The recently released Michael Vick can expect no quarter from most animal lovers. I forget how long he was in jail, but if his sentence didn’t involve a dog biting him in the ass every day, then it wasn’t long enough.
But Vick is (or was) merely a retailer in the world of inhumane treatment of animals. The real outrage should be directed at the wholesalers. And that is just what Weil Gotshal appears to be doing. The firm won a major victory against the alleged puppy mill Wizard of Claws, in Broward County Circuit Court:
The Broward County Circuit Court has issued a ruling refusing to dismiss several defendants from a major class action lawsuit against a south Florida puppy dealer known as “Wizard of Claws.” The suit, filed in 2007, accuses Wizard of Claws, its owners, and its affiliates of defrauding customers by misrepresenting the origin of puppies, and by selling puppy mill dogs who suffer from severe health problems and genetic defects.
The court’s order allows plaintiffs to proceed with their claims against three entities sharing common ownership with Wizard of Claws — Celebrity Kennels, Inc., Dog Breeder Kennel, Inc. and Puppies for Sale, Inc. — and also directs the defendants to turn over records regarding the puppies they have sold to the public. The court also ordered the owners of Wizard of Claws to sit for depositions concerning their business practices.
This victory has been a long time coming for lawyers at Weil Gotshal. More details after the jump.
Weil has been fighting this battle so hard that the recently fired Quinn Emanuel associate might want to put in a resume to the firm:
The class action lawsuit is the result of years of legal investigation by the law firm Weil, Gotshal & Manges LLP and lawyers of The HSUS. Through extensive investigation, Weil and The HSUS [Humane Society of the United States] uncovered reports of serious, systematic violations of Florida’s animal and consumer protection laws by Wizard of Claws, its owners and its corporate affiliates. The violations include allegations concerning the sale of sick puppies with life-threatening genetic defects and highly contagious parasitic infections, and the refusal to reimburse customers for either the purchase price of sick puppies or veterinary treatments that sometimes cost thousands of dollars.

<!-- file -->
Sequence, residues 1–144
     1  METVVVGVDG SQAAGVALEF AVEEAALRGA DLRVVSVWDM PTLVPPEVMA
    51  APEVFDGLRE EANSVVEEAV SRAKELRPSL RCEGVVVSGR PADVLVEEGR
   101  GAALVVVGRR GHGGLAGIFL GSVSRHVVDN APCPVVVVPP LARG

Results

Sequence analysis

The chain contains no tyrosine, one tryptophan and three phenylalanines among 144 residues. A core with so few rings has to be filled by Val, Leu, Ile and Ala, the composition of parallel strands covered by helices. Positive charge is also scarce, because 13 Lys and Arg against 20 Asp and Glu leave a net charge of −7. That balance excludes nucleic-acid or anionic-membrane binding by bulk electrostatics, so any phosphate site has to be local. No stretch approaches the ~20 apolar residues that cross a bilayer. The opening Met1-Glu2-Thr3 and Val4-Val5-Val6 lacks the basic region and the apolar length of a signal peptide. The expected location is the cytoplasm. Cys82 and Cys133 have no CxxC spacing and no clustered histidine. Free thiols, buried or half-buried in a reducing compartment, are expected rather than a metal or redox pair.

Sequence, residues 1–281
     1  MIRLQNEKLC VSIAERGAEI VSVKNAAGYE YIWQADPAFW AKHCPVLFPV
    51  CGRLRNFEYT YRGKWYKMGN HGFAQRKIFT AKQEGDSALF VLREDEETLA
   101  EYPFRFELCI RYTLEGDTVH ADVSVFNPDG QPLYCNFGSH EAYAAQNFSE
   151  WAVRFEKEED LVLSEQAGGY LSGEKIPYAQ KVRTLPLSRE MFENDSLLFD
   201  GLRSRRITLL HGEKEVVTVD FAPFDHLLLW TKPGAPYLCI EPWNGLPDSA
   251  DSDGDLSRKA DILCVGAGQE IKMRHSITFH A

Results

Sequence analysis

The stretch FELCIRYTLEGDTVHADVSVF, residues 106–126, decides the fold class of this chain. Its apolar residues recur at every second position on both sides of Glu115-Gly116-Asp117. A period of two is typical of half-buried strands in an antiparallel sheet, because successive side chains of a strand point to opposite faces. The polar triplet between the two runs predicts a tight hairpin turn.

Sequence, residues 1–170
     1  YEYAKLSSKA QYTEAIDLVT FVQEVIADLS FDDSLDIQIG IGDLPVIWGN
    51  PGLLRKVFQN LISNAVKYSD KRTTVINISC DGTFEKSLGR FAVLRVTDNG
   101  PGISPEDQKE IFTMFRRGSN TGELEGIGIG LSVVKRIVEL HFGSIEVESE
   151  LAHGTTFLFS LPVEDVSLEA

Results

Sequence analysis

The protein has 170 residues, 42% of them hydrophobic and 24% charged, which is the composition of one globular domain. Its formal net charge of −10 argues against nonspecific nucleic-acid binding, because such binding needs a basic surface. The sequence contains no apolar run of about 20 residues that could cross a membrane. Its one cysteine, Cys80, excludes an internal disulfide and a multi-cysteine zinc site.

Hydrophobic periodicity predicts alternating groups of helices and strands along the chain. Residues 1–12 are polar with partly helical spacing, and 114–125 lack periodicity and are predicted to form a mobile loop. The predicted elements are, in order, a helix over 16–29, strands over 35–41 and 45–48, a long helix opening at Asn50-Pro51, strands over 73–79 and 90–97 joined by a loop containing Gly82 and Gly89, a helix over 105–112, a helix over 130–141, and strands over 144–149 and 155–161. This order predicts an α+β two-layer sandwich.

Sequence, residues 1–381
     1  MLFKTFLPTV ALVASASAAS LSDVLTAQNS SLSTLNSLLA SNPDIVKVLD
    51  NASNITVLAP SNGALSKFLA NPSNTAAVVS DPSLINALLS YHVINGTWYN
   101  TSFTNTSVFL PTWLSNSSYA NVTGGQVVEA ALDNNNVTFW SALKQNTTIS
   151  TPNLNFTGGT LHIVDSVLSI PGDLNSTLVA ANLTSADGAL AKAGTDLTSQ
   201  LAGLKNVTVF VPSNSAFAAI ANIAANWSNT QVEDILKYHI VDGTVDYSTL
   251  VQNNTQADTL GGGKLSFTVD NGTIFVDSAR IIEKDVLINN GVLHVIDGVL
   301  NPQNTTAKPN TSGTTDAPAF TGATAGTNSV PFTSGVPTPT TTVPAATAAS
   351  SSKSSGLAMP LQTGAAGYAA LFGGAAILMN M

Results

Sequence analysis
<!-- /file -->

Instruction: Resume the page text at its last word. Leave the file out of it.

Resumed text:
Generally speaking, buying a dog at a pet store or over the internet (eek!) is one of the worst things you can do. Pet stores are a volume business, while professional and accredited dog breeders focus on quality over quantity. And if you can’t pay the freight for an expensive breeder, there are tons of lovable animals languishing in pounds and pet rescues across the country.
Not surprisingly, Weil is doing this work for free. But does this mean Weil is a dog-friendly place? Wouldn’t a “bring your pet to work” day be awesome for employee morale (less awesome for building maintenance morale, to be sure)? If you want to be the firm that loves puppies, you might as well throw your employee/pet-lovers a bone.
Judge Orders Class Action Lawsuit To Proceed Against Infamous Florida Puppy Dealers [The Humane Society]